Perseid meteor shower 2017
- Author: Joe Gonzales Aug 10, 2017,
Aug 10, 2017, 0:22
Stargazers expect a similar outburst during the 2017 Perseid meteor shower, which will be visible overnight on august 11 and 12.
A meteor from the Perseid Meteor Shower is seen over a farm near Tonganoxie, Kan. on August 13, 2015.
Earth passes through this trail every year with the debris slamming into the upper atmosphere at speeds of up to 130,000 miles an hour (210,000 km). Compared to last year's outburst when sky watchers were able to observe up to 200 meteors per hour, this year's could present just up to 50 meteors because of the very thing that people have been excited about for months now - the moon. "Comet Swift-Tuttle has a huge nucleus - about 26 km in diameter", said Cooke.
A Perseid meteor over the Lovell Radio Telescope at Jodrell Bank in August 2013 (Photo: Getty)When is the best time to see them?
The Perseids have been observed for at least two millennia and are made up of bits of dust and ice trailing the comet Swift-Tuttle, which orbits the sun once every 133 years, according to NASA. Records of the meteor shower date back nearly 2,000 years.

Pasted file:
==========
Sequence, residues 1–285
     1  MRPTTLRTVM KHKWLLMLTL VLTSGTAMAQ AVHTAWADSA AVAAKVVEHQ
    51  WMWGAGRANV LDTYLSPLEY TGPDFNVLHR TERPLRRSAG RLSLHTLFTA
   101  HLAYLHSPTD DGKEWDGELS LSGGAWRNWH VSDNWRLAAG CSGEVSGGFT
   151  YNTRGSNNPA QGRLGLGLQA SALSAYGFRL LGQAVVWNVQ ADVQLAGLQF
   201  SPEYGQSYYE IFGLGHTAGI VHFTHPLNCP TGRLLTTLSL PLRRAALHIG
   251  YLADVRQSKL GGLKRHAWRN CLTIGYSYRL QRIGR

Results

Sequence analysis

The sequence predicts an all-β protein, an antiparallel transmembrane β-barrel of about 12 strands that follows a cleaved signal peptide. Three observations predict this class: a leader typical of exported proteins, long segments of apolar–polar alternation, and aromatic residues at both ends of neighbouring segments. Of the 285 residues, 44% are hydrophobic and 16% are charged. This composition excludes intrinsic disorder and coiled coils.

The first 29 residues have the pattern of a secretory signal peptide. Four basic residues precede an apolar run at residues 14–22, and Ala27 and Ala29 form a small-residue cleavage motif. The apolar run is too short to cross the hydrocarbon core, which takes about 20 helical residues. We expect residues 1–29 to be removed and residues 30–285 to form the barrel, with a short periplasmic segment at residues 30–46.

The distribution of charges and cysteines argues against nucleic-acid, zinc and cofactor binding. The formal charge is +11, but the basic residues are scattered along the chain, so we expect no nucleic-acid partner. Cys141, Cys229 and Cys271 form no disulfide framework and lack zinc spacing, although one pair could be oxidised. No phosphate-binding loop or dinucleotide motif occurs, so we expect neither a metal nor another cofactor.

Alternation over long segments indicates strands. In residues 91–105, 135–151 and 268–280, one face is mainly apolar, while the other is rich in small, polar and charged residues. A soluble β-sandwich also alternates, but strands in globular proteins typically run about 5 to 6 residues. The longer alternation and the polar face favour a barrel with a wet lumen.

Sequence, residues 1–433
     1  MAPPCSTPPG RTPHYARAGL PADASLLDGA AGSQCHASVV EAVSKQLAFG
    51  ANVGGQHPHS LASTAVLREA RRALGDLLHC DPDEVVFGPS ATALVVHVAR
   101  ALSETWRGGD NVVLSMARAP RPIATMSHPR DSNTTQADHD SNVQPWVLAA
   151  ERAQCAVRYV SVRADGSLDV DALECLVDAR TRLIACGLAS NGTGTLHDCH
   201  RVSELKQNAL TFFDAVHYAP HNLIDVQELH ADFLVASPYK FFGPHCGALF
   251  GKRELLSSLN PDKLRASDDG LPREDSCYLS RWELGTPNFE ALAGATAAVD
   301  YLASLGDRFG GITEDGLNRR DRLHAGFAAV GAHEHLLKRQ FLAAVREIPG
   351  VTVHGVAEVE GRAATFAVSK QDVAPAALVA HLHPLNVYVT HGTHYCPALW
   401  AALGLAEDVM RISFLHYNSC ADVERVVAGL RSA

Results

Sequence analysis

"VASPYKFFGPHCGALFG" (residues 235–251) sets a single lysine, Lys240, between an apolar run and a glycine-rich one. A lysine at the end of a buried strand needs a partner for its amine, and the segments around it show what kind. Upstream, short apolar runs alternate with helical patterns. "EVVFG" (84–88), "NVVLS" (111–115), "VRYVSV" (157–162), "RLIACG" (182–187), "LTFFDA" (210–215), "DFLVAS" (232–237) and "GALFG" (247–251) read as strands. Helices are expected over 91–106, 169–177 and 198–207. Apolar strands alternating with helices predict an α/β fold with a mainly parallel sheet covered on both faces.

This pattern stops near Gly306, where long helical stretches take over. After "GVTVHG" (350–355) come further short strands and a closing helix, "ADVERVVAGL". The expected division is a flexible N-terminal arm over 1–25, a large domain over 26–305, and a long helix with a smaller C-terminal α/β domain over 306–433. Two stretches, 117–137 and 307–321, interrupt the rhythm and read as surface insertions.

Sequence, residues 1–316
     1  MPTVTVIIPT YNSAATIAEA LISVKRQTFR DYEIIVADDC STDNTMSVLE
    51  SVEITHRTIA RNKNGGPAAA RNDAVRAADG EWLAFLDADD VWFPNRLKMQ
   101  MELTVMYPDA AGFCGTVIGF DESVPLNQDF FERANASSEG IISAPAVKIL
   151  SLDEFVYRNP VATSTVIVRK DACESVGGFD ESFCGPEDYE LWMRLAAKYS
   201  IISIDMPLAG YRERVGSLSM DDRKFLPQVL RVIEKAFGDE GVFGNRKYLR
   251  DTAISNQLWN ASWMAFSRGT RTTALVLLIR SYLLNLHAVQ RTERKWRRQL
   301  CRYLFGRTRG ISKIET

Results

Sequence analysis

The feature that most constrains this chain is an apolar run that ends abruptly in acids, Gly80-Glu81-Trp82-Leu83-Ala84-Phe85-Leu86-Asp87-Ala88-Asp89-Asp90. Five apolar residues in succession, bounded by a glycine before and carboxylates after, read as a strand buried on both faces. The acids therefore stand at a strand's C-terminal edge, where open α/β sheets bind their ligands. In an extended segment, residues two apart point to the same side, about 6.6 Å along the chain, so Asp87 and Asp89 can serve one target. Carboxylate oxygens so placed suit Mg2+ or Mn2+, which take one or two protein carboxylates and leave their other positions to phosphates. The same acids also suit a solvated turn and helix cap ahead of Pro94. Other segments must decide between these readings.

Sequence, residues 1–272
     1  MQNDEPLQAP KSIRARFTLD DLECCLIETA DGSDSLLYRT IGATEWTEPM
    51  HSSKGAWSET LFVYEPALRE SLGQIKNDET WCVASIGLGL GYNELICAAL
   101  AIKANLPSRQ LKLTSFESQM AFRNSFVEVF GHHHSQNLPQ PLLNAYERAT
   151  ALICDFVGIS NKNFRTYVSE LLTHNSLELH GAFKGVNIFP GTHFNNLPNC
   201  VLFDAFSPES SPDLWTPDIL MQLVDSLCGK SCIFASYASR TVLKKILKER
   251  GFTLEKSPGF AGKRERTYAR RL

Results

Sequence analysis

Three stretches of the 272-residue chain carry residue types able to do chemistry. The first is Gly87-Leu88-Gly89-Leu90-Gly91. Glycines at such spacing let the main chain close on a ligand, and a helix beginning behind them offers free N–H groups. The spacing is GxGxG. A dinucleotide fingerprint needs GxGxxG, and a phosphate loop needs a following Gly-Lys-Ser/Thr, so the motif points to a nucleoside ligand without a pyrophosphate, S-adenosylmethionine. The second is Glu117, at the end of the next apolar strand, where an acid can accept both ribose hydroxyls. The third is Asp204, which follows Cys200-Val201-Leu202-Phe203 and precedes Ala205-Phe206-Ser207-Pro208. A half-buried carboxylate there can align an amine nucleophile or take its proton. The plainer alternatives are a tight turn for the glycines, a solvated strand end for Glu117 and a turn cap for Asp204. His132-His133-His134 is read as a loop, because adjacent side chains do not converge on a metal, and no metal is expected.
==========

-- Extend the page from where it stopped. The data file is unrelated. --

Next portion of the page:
It is expected to peak on August 12.
If you're from Detroit or another big city, we suggest you go outside of town! Usually it is best view meteor showers after midnight and through until the break of the next day; however, experts recommend catching the show prior to moonrise. Rising at around 11 p.m. on Friday night, and around midnight on Saturday night, the Moon will present a source of light pollution in the sky, that will washed out numerous fainter meteors. The shooting stars will appear to come from the direction of the Perseus constellation in the north-eastern part of the sky. Now imagine yourself being back in 1833, on the night of November 12. "The darker location you can get to, the better, but regardless, the moon is going to block out some of the fainter ones". Now that place is a stream of leftover little rocks or debris.